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Who’s Policing the Police?

Following the sentencing of Wayne Couzens for Sarah Everard’s murder, more details about the police and the Met in particular have emerged. As now widely published, Couzens was known by colleagues as “The Rapist” and was part of a WhatsApp group that shared misogynistic, racist and homophobic content. The Independent Office for Police Conduct (IOPC) has said it is investigating the conduct of five serving officers and a former Met Police officer over the group. While the other officers have been suspended, the two officers from the Met have been allowed to remain on duty ⁽¹⁾.

A Freedom of Information (FOI) request by the Byline Intelligence Team has found some more disturbing facts. Nine out of twelve officers over a three-year period who were negligent in investigating sex crimes were allowed to keep their jobs ⁽²⁾, and more than half of the Metropolitan police officers found guilty of sexual misconduct over a four-year period to 2020 remained in their jobs ⁽³⁾. More than 750 Met Police employees have faced sexual misconduct allegations since 2010 – with just 83 sacked ⁽⁴⁾.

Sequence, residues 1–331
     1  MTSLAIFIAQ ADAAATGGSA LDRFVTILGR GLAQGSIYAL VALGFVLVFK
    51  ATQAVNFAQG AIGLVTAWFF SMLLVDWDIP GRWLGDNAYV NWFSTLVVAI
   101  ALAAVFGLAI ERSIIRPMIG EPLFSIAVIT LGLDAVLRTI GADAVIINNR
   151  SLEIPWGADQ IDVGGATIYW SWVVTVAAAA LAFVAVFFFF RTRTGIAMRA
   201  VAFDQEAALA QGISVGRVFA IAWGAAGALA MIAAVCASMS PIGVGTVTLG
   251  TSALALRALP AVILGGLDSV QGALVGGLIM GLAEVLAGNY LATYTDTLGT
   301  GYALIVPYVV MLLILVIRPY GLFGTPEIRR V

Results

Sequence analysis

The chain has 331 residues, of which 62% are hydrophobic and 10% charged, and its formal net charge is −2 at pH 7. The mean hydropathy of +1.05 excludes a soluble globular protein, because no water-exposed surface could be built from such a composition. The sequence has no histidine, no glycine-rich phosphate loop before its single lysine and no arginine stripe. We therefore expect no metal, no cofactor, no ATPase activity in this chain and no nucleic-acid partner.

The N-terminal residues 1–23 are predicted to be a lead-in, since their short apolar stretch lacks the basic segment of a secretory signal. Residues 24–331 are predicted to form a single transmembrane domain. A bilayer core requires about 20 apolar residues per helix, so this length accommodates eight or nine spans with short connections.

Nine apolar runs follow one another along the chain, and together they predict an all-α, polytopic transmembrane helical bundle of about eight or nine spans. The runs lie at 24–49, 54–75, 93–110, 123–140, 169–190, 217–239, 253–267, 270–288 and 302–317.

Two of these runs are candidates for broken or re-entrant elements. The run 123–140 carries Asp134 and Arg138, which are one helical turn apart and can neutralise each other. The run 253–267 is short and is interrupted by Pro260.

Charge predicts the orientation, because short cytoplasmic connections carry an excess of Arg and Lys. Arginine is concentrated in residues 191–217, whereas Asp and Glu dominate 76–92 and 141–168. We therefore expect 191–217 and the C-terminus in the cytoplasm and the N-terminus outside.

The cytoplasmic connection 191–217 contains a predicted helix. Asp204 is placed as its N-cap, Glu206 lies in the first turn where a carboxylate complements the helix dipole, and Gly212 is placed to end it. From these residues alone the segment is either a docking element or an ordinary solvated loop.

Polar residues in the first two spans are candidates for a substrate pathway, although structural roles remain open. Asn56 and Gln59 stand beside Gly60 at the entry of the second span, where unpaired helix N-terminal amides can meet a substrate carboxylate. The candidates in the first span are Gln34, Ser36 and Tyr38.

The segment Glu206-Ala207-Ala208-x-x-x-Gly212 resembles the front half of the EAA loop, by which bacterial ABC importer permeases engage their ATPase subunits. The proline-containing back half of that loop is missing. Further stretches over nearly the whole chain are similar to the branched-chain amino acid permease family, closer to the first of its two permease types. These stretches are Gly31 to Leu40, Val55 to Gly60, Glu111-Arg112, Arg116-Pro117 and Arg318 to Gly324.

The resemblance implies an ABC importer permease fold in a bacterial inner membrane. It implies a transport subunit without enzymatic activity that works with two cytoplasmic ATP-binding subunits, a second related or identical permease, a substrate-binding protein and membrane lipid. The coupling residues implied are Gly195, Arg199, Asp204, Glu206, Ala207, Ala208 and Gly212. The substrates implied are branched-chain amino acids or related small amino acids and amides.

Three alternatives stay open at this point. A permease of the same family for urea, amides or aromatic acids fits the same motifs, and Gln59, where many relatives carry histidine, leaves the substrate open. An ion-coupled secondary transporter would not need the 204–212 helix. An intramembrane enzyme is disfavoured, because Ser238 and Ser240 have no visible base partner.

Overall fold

During the writing of this article another officer has been accused of rape and will be in court in November, Scotland Yard said Mr Carrick was based within the Met’s Parliamentary and Diplomatic Protection Command. This is the same unit where the murderer of Sarah Everard, Wayne Couzens, had worked. ⁽⁵⁾

We often hear the phrase “A few bad apples”, well let’s take a look at that. It has come to mean quite a different thing than the original meaning. Farmers knew if they left a rotten apple in the barrel it could spoil the whole crop ⁽⁶⁾, quite a good comparison to the police force. If you have 10 police officers and one is corrupt and the other 9 know but don’t say anything, you don’t have one corrupt officer, you have ten.

Last year in Lancashire an incident was recorded of a police officer threatening someone with arrest, when asked what for, the police officer said “I will make something up… “Who are they going to believe, me or you? “Who are they going to believe, me or you?”

The officer involved was only given a written warning, was allowed anonymity and his partner who did nothing to intervene was not even questioned. If a solicitor lied in court they would be struck off the roll so why shouldn’t the same apply to a police officer?

So back to Wayne Couzens – Prime Minister Boris Johnson had ruled out a public enquiry into Couzens ⁽⁷⁾. But as this article was being written the Home Secretary, Priti Patel, has now agreed to open an inquiry into Couzens but It will be a non-statutory public inquiry which means that the Chairman – likely to be a judge or senior QC – will not have powers to compel witnesses to attend hearings or get full access to documents ⁽⁸⁾. The Commissioner of the Met, Cressida Dick has refused to resign. So, again we ask: Who polices the police?


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